Of even greater interest to me was being able to incorporate what I learned in Lesson 3 about prioritizing lines. After putting in set-up lines for the composition and drawing secondary elements with my finest-point fountain pen, I then took my heavier Sailor fude nib to sketch the elements I wanted to draw attention to: the central column holding up the free-standing shelter, the “Public Market” sign and its scaffolding that supports the neon letters, and the clock. Finally I used a brush pen to put in the darkest areas (the windows, the dark Market interiors and the underside of the shelter). Although I was pleased that I had darkened the underside of the shelter and column for contrast and to draw the eye, I may have gone overboard with all the windows! (Once I get started doing something to one window, it’s almost impossible not to keep doing it to the rest of the windows.)
Unlike in the first two sketches, which were also an exercise in varying line weights, in the Market sketch I used a heavier line to emphasize the visual focal point, not just the spatial relationship of the foreground to the background elements. I feel like this sketch was sort of my Edges “term paper,” as it solidified many of the main concepts presented in the course!
|4/23/16 hard and soft edges exercise|
Another assignment was to sketch food because of the variety of textures, colors and shapes that are usually present in a meal. (She did advocate sketching dessert or cold food so that we wouldn’t waste a hot meal!) These varied textures are a useful way to practice both “hard” and “soft” edges. In addition, when you have hunger and rapidly cooling food as motivators, you have to sketch fast, which encourages spontaneity.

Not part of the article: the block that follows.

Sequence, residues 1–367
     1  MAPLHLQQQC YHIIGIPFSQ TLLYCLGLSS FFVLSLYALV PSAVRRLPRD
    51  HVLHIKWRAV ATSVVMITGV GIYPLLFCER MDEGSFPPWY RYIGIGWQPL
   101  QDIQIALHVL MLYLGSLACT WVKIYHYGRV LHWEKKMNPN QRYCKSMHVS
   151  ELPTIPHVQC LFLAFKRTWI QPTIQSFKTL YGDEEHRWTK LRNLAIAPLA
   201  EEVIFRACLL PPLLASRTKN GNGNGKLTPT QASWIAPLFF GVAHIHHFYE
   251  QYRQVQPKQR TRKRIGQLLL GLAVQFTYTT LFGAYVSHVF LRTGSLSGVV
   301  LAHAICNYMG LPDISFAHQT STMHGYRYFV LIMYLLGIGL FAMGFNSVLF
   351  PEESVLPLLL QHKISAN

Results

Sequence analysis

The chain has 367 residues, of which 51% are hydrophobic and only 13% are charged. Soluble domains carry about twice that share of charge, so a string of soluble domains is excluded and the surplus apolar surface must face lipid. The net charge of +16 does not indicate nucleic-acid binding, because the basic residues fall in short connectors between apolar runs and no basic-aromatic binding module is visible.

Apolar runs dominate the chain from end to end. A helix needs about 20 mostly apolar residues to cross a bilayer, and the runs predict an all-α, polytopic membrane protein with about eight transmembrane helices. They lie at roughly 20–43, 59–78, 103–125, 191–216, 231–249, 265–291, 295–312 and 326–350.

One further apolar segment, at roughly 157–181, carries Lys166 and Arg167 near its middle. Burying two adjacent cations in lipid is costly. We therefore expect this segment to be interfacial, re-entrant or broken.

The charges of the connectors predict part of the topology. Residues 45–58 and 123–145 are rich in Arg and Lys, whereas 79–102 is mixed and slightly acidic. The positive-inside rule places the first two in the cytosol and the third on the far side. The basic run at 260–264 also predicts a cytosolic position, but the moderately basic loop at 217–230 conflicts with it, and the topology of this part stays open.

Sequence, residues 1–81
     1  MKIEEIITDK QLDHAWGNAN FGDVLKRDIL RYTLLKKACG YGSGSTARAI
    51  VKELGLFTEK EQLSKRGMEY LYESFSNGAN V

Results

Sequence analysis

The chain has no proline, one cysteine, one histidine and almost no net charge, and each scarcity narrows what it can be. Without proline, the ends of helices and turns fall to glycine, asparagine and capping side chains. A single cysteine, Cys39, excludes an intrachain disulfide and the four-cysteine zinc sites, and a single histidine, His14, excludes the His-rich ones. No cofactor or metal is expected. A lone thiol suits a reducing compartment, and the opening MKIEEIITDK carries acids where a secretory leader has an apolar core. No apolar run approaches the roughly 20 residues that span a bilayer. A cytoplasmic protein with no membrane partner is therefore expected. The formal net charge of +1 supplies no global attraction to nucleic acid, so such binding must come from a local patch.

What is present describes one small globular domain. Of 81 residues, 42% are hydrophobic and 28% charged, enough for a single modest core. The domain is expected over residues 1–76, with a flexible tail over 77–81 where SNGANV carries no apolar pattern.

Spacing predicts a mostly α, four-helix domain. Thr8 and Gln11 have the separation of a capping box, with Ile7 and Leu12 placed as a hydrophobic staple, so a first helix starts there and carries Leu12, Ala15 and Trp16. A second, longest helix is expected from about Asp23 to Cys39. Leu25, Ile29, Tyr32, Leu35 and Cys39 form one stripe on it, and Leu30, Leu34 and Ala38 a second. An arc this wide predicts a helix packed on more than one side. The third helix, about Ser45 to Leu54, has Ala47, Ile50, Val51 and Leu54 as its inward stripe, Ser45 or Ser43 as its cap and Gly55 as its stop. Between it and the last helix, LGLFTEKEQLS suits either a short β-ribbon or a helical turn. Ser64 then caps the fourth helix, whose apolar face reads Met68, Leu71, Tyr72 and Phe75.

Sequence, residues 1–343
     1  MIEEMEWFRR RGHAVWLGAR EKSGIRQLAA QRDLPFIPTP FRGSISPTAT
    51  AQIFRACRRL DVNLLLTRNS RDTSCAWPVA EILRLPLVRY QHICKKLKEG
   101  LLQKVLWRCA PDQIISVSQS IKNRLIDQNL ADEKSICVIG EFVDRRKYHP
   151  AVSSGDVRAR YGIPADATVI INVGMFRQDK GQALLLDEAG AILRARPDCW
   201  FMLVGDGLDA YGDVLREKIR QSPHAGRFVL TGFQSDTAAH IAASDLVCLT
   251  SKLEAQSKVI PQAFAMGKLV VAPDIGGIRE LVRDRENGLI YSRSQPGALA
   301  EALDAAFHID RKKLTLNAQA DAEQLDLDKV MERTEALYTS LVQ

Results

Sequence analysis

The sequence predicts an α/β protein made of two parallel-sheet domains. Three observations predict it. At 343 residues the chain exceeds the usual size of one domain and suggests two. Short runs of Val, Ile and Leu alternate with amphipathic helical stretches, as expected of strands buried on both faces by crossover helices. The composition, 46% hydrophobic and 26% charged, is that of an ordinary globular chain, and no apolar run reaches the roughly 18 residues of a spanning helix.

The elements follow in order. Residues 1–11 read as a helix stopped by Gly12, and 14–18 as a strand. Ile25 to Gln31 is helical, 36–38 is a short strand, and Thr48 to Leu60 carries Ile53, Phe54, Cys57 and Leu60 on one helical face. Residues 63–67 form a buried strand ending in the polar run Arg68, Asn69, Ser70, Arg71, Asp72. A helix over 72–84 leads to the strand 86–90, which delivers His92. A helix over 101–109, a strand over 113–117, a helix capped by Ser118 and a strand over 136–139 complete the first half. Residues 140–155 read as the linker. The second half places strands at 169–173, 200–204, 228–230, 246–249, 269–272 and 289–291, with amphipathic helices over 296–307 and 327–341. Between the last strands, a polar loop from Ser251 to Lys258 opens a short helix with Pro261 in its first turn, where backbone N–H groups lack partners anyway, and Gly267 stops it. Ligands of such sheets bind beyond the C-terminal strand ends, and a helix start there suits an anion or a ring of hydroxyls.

As you know, I rarely sketch my meals, hot or cold, because I just can’t seem to focus when I’m hungry! Yesterday after the sketchcrawl when several of us decided to continue sketching over lunch, it was a prime opportunity to sketch my food. Unfortunately, true to form, I devoured my veggie burger as soon as it arrived, but the remains on my plate left plenty to sketch. The onion slices (a beautiful shade of pinkish-purple) and a few home fries, as well as the knife handle, were good examples of hard edges. By contrast, the lettuce had many challenging folds and ruffled edges – kind of a combination of hard and soft. I forgot to save highlights on the ketchup blob, so it’s just a red blob. (In the spirit of the assignment, I did finish the sketch in probably 10 minutes, so even though I wasn’t motivated by hunger or cooling food, I’m always motivated by a desire to have a fresh, spontaneous and therefore relatively fast sketch.)
Although Liz recommends using a real paint brush rather than a waterbrush, I still used my waterbrush for convenience (especially at a café table). I didn't have much space on the table for both my mixing tray and paint box, so I didn’t get out the mixing tray until I was almost finished and needed to mix the gray shadows. Consequently, almost all my colors were mixed right on the page or in the paint pans themselves with the waterbrush. I like the intensity of the hues much more than when I try to mix paints in the tray (which usually results in watery, washed-out hues). In fact, I thought it was a good solution for getting more intense color when using a waterbrush (which, for me, is all the time).
I still have a long way to go in mastering all the concepts in Liz’s Edges, especially the whole exciting “lost” edges idea that engages the viewer’s involvement more actively. But I think making these four sketches with those concepts firmly in mind will help me to integrate them into my own sketching process going forward.